One thing I really liked about the movie is the meaning of the characters names, Tadashi means Loyal, Correct and faithful (rings a bell?) and Hiro means generous and tolerant, but I think that in that case they were just playing with “Hero” and “Hiro”, anyway I looked up the meaning of the names because their relationship reminds me of the one Sitka and Kenai shared in the movie Brother Bear. Tadashi (Sitka) being the big, mature and kindhearthed brother tryies to lead his young inmmature and stubborn brother Hiro (Kenai) so he ends up being the best he can be, later in the movie he dies sacrificing himself in orden to safe another persons life. His dead makes the main character rethink his life and ends up changing his behaviour because “thats what Tadashi (sitka) would have wanted”. I think that Tadashi as well as Sitka reappear in the movie as a ghost / video and thats the moment when Hiro / Kenai have their big breakthrought.

    In what animation is concerned, I love San Frantokio, but I have to give the Gold to How to Train your Dragon 2. The creativity was great in BH6 but HTTYD2 made me feel the textures of the dragons, I mean I knew how the alphas scales felt without touching them because it was so well designed, which didnt happen with Baymaxes suit for example or any of the geniuses inventions.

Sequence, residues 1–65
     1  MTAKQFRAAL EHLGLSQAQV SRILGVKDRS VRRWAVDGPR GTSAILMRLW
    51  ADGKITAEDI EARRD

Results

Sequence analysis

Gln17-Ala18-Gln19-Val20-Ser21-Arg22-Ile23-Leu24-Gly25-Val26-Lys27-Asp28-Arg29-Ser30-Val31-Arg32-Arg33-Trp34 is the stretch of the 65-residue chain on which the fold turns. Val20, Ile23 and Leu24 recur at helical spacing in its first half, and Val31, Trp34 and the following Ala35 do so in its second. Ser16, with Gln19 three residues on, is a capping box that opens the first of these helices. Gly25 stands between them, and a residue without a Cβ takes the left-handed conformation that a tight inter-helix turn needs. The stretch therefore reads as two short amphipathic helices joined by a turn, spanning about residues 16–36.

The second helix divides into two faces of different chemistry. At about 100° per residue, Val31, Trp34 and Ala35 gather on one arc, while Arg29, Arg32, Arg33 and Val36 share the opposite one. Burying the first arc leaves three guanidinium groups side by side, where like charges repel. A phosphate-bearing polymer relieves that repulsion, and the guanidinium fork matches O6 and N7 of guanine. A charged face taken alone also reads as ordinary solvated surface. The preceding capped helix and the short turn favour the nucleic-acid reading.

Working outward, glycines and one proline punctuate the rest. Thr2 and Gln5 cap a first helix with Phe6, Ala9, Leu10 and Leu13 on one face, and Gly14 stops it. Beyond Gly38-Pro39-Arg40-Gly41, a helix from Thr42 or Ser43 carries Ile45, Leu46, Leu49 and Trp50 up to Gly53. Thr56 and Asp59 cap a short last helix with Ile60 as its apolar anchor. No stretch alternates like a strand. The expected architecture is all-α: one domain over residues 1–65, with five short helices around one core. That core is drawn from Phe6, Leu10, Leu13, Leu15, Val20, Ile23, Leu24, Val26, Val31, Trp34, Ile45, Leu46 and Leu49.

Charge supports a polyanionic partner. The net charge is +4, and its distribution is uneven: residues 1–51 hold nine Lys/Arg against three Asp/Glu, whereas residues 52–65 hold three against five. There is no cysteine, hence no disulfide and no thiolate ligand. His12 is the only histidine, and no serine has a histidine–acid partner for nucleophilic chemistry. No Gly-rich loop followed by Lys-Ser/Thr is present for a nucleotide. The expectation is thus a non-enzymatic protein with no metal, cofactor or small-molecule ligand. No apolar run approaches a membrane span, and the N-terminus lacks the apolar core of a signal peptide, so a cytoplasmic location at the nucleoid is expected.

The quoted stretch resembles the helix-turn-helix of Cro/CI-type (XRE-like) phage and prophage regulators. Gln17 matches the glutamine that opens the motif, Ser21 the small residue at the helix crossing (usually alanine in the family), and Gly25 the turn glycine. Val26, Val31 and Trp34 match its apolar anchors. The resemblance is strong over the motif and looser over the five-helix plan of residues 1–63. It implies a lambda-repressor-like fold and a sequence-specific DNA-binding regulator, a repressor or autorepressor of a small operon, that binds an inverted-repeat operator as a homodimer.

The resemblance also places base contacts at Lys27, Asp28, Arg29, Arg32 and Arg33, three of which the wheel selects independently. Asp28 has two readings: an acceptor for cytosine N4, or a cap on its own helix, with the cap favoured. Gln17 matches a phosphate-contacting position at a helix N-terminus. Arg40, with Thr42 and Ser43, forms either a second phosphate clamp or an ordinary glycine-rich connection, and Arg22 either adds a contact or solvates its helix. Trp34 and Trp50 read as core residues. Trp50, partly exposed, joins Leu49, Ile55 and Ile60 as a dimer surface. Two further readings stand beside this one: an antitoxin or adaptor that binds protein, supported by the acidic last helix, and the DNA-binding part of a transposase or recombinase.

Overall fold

now that I have seen both (HTTYD2 and BH6) y think that the oscar should have gone to How to Train Your Dragon 2. I mean it is just a better movie, it made me cry a little, be actually happy and excited for what was happening and even amazed me with the quality of the animation. I Agree with you 6/10 in BH6 but I think you should rewatch Dragon with maybe a clear mind.

    • Conrado Falco · March 6, 2015

      I guess the fact that you can so easily compare the movie to Guardians of the Galaxy, Teen Titans, and Brother Bear speaks for how unoriginal I thought it was. Even the part I loved the most (the middle section with Hiro and Baymax) lifts a lot from The Iron Giant. I still think Baymax is awesome, the movie not so much.

      And as for Dragon, I must admit I was so bored when I watched it in the theater I’m afraid of disliking it even more if I watch it again.